Issues. When I initially bolted the fork onto the frame I noticed that I was only getting 1/3rd of the travel. Chad hadn't experienced this but contact the manufacturer on my behalf. Whilst I was waiting, the techy guy was out of the office at a show, I contacted the Raw (UK importer) who suggested that I send it directly to them for a fettle. They reviewed the problem and found the rebound assembly was busted and it also had misaligned lower legs. These were promptly replaced under warrantly and returned for just the cost of postage, a result. Back on the 5Spot it felt sweet and even while the fork bedding in I was impressed by how supple it felt over the smaller bumps and ripples. Over the next few months it got a pounding around Afan and Cannock without any further problems. In the autumn I wondered if I was inadvertantly catching the "spoon" with my thicker gloves on as I thought the fork was lower than I'd set during a couple of rides. So I moved the "spoon" inboard and continued on my ride. After hammering down a section of trail and at the bottom of the descent I lofted the front end over the log and found the front of the bike disappear over the other side, duly dumping me over the bars. Dozer found this particuarly funny as I'd only just commented on the "easy log hop"! I found the fork had mysteriously reduced to it's minimum travel (40mm) which was some 100mm/4"s shorter than expected... during the rest of the ride, the fork repeatedly sank through it's travel, unassisted. Another email to Raw suggested that I again return the fork as the travel adjust assembly had recently been modified and that they'd install a new unit. Whilst in for repair they also noticed some stanchion scoring (within the lowers) due to a tolerance issue - which necessitated a new set of uppers including the crown and steerer. Therefore, during both visits to Raw, my Nixon had not only been rebuilt twice but almost all the parts had now been replaced. It's subsequently back on my bike and we haven't had any problems so lets hope that all the niggles have now been resolved. We've not yet clocked up the longest runtime before the earlier problems occured, but we are getting closer...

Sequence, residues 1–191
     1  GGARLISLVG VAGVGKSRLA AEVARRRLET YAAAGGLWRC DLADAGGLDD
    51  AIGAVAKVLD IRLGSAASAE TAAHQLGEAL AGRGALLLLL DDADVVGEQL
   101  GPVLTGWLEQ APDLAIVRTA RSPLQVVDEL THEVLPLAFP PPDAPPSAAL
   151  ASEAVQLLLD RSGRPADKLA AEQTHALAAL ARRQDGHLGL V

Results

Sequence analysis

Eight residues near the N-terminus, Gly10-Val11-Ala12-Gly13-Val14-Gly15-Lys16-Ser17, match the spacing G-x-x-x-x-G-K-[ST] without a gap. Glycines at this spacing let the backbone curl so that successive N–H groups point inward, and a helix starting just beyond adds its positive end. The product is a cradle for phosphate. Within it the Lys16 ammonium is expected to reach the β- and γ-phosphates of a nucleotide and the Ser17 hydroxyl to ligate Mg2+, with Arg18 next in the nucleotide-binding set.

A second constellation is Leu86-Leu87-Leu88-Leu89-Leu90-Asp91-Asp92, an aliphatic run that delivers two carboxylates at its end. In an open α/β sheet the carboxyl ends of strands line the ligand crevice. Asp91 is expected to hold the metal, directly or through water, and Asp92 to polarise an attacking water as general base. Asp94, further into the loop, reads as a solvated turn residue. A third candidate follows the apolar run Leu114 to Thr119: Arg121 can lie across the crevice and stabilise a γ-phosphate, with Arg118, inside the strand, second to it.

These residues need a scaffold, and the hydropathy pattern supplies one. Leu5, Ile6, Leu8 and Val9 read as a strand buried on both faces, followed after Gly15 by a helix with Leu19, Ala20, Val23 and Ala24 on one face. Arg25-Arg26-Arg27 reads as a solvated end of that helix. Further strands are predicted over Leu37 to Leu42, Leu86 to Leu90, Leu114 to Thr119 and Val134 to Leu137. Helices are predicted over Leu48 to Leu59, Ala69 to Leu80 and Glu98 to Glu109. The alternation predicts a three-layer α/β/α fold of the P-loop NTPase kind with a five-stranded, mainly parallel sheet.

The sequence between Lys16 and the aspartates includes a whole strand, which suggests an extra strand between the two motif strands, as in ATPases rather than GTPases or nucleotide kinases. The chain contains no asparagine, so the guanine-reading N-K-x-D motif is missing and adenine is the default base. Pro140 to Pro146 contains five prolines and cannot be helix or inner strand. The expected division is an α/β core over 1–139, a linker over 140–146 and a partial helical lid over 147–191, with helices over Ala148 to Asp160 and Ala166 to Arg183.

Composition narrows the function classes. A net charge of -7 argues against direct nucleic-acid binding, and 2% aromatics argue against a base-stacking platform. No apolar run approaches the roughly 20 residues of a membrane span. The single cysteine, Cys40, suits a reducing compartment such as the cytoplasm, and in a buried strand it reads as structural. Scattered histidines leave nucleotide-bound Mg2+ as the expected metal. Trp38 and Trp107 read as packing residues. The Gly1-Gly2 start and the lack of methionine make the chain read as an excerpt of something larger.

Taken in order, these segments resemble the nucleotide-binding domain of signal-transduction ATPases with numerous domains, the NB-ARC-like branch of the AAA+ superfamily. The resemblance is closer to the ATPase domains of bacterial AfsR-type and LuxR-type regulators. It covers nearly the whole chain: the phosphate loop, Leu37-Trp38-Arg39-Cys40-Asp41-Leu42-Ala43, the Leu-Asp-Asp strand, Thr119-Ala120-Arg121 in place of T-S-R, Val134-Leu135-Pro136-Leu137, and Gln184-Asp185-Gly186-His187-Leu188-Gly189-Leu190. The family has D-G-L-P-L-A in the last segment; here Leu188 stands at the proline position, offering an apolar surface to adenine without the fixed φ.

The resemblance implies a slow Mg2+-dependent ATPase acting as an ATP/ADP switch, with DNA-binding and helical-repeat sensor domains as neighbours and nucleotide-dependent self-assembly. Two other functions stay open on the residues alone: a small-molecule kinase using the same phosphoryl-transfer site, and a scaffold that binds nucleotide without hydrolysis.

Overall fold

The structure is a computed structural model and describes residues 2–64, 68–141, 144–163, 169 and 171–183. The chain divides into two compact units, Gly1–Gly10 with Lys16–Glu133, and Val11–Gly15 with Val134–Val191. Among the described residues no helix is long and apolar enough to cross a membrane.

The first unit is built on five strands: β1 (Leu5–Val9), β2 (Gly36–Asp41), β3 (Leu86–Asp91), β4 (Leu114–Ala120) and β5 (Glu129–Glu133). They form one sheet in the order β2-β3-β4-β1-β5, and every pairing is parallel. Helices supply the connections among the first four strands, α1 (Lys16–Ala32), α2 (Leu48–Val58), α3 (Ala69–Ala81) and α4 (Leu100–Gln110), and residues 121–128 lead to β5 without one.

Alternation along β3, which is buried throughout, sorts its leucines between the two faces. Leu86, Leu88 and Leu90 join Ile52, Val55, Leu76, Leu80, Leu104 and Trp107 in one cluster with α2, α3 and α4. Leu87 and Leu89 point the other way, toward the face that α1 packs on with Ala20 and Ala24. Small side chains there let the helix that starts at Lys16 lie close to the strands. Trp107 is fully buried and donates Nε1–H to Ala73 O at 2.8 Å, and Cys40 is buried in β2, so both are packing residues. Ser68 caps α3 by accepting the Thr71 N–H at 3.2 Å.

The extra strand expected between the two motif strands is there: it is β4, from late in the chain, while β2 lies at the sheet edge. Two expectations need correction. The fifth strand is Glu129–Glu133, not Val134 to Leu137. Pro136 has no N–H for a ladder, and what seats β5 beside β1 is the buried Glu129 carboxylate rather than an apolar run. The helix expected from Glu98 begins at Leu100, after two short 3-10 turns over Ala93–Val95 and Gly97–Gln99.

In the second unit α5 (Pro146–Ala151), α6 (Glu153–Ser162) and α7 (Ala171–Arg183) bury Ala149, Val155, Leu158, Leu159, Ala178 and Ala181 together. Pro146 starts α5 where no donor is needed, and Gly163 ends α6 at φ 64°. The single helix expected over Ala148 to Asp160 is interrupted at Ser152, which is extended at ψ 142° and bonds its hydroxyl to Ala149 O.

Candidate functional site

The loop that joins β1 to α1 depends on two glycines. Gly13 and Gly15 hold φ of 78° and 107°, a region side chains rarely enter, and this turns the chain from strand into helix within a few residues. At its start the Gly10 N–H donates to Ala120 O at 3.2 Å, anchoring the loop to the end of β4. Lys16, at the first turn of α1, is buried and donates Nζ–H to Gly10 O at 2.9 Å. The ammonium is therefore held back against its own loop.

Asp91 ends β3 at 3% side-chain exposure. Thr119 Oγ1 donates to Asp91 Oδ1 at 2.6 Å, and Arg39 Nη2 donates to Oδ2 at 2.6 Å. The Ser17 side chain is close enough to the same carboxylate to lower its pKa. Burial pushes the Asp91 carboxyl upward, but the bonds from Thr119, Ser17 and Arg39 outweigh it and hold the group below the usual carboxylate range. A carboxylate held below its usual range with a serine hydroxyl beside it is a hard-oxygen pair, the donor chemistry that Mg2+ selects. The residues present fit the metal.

Alongside the Nixon, I've periodically fitted the shorter Pace RC41 to my 5Spot which noticeably quickened the steering. However, I always find that I enjoy the slightly more laid back angles the Nixon gives.

Conclusion. Externally, the fork is well made, of a sturdy construction and not excessively heavy (4.1lbs) for the travel it offers (145mm). Internally, we've had a few negative experiences which I hope are now behind us with the modified components. In function, the positive air spring, compression and rebound adjusters alter the ride much as you'd expect. The TPC damping is as good as ever and really shines over the Marzocchi or Fox forks that I've tried. It also gives the Pace a run for it's money. The IT system is a handy feature to have, even though I've found that the 5Spot climbs well even with the fork extended.

Apart from Rockshox, I find the latest retail price of forks to be excessive and the price of the Nixon is no exception. However, if you can find any discounted I'd say that it'll be worth giving them a try.

I'd like to take this opportunity to thank Raw, who have been very helpful, professional and quick to turn around any faults.

For 2006, I notice that Manitou have revised their Nixon range and the Super is no longer available - boo. I suspect that this is due to their new "instrinsic" damping and compression cartridge (SPV evolve plus!) which may mean they've now optomised their Stable Platform Valve to also be supple over the small bumps. If they have then this could be a killer fork. I also hope that by simplifying the range, they'll reduce the number of recalls...